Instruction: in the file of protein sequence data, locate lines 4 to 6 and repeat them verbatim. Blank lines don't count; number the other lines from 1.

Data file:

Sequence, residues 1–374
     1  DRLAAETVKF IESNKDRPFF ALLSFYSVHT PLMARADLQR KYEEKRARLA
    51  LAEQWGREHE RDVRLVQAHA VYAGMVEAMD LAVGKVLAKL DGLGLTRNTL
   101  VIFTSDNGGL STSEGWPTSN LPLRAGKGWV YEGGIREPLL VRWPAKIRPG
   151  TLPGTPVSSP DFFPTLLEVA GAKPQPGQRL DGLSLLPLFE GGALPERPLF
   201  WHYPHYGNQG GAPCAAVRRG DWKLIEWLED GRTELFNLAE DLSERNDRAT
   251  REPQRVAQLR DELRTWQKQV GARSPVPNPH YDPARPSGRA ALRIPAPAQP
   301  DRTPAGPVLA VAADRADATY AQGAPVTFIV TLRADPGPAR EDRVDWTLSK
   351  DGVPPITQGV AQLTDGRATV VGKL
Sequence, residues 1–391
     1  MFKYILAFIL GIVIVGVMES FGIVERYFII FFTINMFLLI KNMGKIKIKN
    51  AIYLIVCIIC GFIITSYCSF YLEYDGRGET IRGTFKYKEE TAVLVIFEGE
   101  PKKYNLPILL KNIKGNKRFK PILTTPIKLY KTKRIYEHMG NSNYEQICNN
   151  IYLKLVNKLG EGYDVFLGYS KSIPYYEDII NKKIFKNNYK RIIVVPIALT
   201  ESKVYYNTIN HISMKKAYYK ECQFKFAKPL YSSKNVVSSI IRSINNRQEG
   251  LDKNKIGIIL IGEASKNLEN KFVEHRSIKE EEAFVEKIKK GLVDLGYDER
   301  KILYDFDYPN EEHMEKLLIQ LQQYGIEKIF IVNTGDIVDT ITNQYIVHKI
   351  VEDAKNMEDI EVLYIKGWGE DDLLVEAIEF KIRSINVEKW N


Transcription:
   101  VIFTSDNGGL STSEGWPTSN LPLRAGKGWV YEGGIREPLL VRWPAKIRPG
   151  TLPGTPVSSP DFFPTLLEVA GAKPQPGQRL DGLSLLPLFE GGALPERPLF
   201  WHYPHYGNQG GAPCAAVRRG DWKLIEWLED GRTELFNLAE DLSERNDRAT